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A Model Passive Solar Home Student Design Project

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Conference

2021 ASEE Virtual Annual Conference Content Access

Location

Virtual Conference

Publication Date

July 26, 2021

Start Date

July 26, 2021

End Date

July 19, 2022

Conference Session

Energy Conversion and Conservation Division Technical Session 2: Solar Track

Tagged Division

Energy Conversion and Conservation

Page Count

17

DOI

10.18260/1-2--36594

Permanent URL

https://peer.asee.org/36594

Download Count

25

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Paper Authors

biography

Matt Aldeman Illinois State University

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Matthew Aldeman is an Assistant Professor of Technology at Illinois State University, where he teaches in the Renewable Energy and Engineering Technology programs. Matt joined the Technology department faculty after working at the Illinois State University Center for Renewable Energy for over five years. Previously, he worked at General Electric as a wind site manager at the Grand Ridge and Rail Splitter wind projects. Matt’s experience also includes service in the U.S. Navy as a nuclear propulsion officer and leader of the Reactor Electrical division on the aircraft carrier USS John C. Stennis. Matt is an honors graduate of the U.S. Naval Nuclear Power School and holds a B.S. in Mechanical Engineering from Northwestern University, a Master of Engineering Management from Old Dominion University, and a Ph.D. in Mechanical and Aerospace Engineering from the Illinois Institute of Technology.

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biography

Jin Ho Jo Illinois State University

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Dr. Jin Ho Jo is an Associate Professor of Technology at Illinois State University, teaching in the Renewable Energy program. Dr. Jo is the program coordinator and also leads the Sustainable Energy Research Group at ISU. Dr. Jo is an honors graduate of Purdue University where he earned a B.S. in Building Construction Management. He earned his M.S. in Urban Planning from Columbia University where he investigated critical environmental justice issues in New York City. His 2010 Ph.D. from Arizona State University was the nation’s first in sustainability. His research, which has been widely published, focuses on the use of renewable energy systems and sustainable building strategies to reduce negative impacts of urbanization.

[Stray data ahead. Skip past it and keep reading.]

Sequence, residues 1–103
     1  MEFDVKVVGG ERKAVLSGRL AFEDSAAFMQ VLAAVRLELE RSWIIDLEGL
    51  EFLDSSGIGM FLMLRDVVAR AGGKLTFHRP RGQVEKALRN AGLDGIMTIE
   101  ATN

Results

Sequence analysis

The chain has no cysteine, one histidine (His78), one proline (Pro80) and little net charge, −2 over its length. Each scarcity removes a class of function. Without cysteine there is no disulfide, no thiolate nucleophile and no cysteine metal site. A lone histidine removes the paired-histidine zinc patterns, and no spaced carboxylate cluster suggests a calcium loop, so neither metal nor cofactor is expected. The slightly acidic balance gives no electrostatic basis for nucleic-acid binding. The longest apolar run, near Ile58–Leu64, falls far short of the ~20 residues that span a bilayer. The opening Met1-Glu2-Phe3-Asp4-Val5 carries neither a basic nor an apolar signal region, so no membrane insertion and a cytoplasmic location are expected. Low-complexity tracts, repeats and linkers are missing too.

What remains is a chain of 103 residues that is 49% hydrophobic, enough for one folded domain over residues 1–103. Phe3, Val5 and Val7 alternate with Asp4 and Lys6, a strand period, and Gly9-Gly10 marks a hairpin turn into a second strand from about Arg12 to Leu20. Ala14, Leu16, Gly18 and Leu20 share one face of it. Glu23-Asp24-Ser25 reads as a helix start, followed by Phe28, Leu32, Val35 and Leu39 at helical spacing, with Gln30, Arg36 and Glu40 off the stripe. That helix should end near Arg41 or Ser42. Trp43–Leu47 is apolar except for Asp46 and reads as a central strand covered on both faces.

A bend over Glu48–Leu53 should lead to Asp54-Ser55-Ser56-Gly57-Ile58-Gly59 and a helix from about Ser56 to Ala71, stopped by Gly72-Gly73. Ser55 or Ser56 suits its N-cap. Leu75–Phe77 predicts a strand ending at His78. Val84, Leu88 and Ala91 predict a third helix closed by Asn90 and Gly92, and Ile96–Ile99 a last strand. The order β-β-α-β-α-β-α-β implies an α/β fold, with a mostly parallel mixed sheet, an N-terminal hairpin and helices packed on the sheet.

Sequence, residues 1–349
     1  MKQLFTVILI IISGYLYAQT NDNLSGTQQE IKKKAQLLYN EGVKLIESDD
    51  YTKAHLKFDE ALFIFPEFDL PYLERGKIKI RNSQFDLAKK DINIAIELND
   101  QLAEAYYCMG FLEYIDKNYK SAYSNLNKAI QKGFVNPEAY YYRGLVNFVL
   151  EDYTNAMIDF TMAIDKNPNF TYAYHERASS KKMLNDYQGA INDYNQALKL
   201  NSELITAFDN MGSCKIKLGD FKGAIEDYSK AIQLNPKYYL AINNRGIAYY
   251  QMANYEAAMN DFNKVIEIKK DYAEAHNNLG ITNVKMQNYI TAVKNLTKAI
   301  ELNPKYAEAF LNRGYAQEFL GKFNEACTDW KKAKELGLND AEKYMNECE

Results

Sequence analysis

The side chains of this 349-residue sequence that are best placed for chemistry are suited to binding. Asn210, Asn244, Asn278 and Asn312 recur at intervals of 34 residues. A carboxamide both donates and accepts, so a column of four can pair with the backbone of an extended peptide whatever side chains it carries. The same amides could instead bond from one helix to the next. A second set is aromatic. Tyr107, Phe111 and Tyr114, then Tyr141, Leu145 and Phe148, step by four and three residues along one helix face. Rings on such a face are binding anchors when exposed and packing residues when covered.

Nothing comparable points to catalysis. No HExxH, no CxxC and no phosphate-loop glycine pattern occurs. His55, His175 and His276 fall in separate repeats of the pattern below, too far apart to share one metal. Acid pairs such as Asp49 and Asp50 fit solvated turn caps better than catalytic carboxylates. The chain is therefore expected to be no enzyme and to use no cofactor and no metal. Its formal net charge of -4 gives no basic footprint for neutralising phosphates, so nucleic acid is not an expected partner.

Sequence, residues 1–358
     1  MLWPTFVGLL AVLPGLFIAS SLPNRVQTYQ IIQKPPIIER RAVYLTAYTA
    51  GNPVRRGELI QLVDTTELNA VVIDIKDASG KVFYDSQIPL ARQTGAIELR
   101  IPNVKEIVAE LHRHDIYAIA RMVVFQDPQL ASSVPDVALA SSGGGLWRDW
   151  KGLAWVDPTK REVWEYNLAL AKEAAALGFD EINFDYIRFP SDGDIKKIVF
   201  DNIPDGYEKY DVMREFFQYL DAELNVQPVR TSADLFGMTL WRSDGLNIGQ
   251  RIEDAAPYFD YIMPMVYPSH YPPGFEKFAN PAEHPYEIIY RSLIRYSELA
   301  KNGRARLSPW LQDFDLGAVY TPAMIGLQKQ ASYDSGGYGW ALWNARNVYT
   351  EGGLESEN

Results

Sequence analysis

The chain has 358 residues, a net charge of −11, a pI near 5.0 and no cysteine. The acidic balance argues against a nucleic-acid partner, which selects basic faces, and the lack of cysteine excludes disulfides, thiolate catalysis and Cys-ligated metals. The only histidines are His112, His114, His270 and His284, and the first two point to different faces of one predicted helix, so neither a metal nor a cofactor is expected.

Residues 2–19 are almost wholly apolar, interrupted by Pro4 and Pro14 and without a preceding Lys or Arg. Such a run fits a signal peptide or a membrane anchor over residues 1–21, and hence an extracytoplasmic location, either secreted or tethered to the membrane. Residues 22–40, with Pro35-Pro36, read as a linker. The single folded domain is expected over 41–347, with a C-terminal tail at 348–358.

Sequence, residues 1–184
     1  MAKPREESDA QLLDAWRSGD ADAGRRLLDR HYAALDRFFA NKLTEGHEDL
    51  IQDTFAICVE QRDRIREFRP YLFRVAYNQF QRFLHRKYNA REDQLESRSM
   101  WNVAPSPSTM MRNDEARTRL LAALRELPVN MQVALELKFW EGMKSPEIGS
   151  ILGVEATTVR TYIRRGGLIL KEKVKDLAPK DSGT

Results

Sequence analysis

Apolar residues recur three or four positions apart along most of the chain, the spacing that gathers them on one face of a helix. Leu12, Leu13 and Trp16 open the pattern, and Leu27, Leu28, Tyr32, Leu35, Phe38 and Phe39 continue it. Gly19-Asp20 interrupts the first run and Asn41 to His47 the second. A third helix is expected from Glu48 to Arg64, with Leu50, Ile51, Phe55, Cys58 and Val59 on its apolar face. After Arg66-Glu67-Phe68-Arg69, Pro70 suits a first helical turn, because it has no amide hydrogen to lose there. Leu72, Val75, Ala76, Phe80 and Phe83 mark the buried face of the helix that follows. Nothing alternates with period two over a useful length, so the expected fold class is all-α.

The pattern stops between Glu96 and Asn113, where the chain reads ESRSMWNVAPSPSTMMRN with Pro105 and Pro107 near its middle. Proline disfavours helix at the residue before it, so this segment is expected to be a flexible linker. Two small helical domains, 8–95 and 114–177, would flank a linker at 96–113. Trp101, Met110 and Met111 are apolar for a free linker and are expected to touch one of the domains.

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Abstract

In a course focused on renewable energy technologies (especially focusing on solar energy and wind energy), a student project assignment has been developed wherein students design, build, and test a model passive solar home. Following an in-class lesson on passive solar design strategies, students choose a location on Earth where their model home will be “located.” Next, the students must design their passive solar home so that it incorporates good passive solar design principles and includes, at minimum: 1) roof overhangs that are long enough to shade more than 2/3 of the home’s south-facing windows at solar noon on the summer solstice, but short enough that they shade no more than 1/3 of the home’s south-facing windows at solar noon on the winter solstice, and 2) at least one other specific feature that maximizes the solar gain in the winter and/or minimizes the solar gain in the summer. Students build their model passive solar homes out of a material of their choosing. Foam board, poster board, cardboard, and plywood are common choices. The model home must be to scale, and the scale of the model home must be specified. On the due date, students bring their model homes to the lab and test the shading performance of their roof overhangs. Students give a brief explanation of their home’s design and features, and then they adjust a heliodon – specifically built for this purpose – to the sun’s altitude angle for their home’s location at the summer solstice and then at the winter solstice. The instructor observes the shading performance of the home’s roof overhangs and determines whether the design criteria have been met. In addition to constructing the home, the students write a two page single-spaced paper explaining the design and features of the home. The assessment of the project is based on 1) whether the home meets the design criteria, 2) professionalism of the model home, and 3) clarity of the written description. The project ties together several important concepts in this course, and provides students with an opportunity to creatively apply what they have learned. Student feedback on the project has been overwhelmingly positive.

Aldeman, M., & Jo, J. H. (2021, July), A Model Passive Solar Home Student Design Project Paper presented at 2021 ASEE Virtual Annual Conference Content Access, Virtual Conference. 10.18260/1-2--36594

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